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Action Item H69

From: David MacDonald <befree@magma.ca>
Date: Thu, 24 Jun 2010 22:42:53 -0400
Message-ID: <20947.1277433773@magma.ca>
To: <lorettaguarino@google.com>, <cooper@w3.org>, <caldwell@trace.wisc.edu>, <w3c-wai-gl@w3.org>

I had an action item to combine the existing H69 with the description text
I had previously proposed for H42. Here is the proposal which would be the
new description of H69... some 


The objective of this technique is to use section headings to convey the
structure of the content, and to create chunks of information that can be
found easily by people with disabilities, such as a blind person using a
screen reader, or a person with a cognitive disability who uses assistive
technology that delineates groups of information, or someone with a
communication disability or illiteracy, who uses a screen reader to assist
them in their reading. Since headings indicate the start of important
sections of content, it is possible for users with assistive technology to
jump directly to the appropriate heading and begin reading the content.
This significantly speeds interaction for users who would otherwise access
the content slowly. Heading markup can be used to: 

 	* indicate start of main content
 	* mark up section headings within the main content area
 	* demarcate different navigational sections like top or main navigation,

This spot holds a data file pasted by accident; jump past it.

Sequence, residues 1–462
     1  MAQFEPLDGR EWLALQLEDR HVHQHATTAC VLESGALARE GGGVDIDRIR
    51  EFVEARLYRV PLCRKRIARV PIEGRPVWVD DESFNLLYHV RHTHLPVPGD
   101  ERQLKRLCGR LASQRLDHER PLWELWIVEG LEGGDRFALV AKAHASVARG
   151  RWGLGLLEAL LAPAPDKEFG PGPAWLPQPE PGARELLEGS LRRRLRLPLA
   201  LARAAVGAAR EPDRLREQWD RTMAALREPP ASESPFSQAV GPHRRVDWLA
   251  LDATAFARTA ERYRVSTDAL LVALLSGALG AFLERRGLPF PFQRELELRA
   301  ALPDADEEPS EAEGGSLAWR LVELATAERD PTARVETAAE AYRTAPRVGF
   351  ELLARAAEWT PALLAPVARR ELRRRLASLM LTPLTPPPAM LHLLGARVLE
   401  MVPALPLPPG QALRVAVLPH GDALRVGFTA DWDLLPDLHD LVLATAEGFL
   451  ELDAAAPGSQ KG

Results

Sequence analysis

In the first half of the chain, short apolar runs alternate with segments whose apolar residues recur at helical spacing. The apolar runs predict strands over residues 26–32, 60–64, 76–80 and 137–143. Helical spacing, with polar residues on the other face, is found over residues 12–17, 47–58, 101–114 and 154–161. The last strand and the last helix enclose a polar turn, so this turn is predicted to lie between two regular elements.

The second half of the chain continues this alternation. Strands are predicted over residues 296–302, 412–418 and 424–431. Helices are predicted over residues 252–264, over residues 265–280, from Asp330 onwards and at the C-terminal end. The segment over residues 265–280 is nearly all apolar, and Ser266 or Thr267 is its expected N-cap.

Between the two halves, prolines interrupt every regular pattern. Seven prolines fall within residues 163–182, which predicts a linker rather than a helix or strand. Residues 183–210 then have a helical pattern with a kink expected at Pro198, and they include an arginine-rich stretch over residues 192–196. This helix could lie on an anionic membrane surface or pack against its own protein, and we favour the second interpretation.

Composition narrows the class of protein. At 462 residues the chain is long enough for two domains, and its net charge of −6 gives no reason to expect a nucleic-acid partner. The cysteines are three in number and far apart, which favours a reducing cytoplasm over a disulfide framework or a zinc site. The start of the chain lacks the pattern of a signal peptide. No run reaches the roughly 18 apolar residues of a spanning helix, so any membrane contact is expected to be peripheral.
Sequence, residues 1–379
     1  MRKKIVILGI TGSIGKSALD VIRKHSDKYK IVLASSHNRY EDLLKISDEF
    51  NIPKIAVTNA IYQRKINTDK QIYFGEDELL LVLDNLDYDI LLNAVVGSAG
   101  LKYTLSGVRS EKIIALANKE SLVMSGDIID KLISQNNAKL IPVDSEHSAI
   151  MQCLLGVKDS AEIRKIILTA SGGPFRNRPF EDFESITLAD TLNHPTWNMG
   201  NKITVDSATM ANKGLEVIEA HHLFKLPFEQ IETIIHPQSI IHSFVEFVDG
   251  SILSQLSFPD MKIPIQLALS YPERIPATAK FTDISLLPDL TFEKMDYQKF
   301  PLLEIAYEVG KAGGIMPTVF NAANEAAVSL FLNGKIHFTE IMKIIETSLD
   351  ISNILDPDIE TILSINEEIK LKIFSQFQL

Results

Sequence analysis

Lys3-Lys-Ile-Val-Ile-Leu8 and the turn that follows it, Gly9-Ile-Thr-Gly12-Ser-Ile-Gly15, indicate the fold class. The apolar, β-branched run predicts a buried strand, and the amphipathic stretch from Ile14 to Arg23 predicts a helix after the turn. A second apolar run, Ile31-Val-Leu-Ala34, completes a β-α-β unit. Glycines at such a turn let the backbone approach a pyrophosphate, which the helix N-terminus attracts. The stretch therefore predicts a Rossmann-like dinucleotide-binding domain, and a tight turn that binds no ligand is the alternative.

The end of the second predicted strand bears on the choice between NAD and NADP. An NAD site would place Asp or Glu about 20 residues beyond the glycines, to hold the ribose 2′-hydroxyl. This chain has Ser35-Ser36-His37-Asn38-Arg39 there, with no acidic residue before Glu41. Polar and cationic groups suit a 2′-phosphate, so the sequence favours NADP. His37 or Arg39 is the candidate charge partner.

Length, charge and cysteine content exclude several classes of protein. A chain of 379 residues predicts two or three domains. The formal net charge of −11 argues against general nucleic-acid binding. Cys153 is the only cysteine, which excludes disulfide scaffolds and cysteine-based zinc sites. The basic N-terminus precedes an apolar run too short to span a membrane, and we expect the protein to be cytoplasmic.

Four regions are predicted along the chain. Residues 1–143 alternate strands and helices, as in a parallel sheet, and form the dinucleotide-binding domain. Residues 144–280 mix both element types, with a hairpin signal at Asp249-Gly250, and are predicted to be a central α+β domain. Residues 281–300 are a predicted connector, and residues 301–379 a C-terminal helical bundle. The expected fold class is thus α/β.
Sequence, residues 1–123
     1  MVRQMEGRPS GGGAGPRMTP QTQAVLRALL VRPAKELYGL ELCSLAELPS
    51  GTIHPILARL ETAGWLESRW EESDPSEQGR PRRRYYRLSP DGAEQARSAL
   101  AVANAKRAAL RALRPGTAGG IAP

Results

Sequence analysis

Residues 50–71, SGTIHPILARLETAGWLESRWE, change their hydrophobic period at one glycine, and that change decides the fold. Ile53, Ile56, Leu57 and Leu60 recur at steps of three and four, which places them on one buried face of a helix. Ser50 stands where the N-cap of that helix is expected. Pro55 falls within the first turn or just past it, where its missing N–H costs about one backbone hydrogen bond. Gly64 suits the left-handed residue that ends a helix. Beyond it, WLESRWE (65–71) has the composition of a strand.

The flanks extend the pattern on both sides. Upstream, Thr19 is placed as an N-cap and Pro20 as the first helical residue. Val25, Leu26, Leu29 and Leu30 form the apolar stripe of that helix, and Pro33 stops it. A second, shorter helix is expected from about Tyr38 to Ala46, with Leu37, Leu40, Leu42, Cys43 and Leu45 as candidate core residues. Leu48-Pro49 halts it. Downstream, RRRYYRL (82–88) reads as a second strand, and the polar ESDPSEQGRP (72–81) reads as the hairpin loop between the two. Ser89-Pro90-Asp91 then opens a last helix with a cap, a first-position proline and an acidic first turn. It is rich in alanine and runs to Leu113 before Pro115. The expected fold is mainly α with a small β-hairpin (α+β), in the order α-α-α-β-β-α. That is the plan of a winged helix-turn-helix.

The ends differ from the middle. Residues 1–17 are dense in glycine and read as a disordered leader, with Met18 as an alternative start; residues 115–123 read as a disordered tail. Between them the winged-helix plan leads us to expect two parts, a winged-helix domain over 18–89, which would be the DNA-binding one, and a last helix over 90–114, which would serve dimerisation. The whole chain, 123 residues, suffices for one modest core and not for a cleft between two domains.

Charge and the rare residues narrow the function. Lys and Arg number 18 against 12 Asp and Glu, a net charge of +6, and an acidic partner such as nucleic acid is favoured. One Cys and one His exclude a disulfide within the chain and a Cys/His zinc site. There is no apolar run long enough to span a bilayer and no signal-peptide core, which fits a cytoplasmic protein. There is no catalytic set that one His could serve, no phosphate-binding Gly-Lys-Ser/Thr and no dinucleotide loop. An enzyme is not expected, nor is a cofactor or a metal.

left or secondary navigation and footer navigation
 	* markup images (containing text) which have the appearance of headings

In (X)HTML, headings are designed to convey logical hierarchy. Skipping
levels in the sequence of headings may create the impression that the
structure of the document has not been properly thought through or that
specific headings have been chosen for their visual rendering rather than
their meaning. Authors are encouraged to nest headings hierarchically
where the most important information is given the highest logical level,
and subsections are given subsequent logical levels.(i.e., h2 is a
subsection of h1).  

If the generic visual presentation of a particular heading level is not
what is desired by the author (e.g., font size), Cascading Style Sheets
(CSS) can be used to change the way headings look or sound. It is even
possible to style headings using CSS so that they are exposed to assistive
technology but are hidden from view visually. However, showing the headings
visually benefits a wider set of users, including those with some cognitive
disabilities. Be sure not to use CSS to mark up the 

 tag to look like a heading, because although it would visually look like
a heading, assitive technology would not recognize it as such. Also, do
not use heading markup to style text that is not a heading, because this

Add to related techniques 

F2: Failure of Success Criterion 1.3.1 due to using changes in text
presentation to convey information without using the appropriate markup or
Received on Friday, 25 June 2010 02:43:26 UTC

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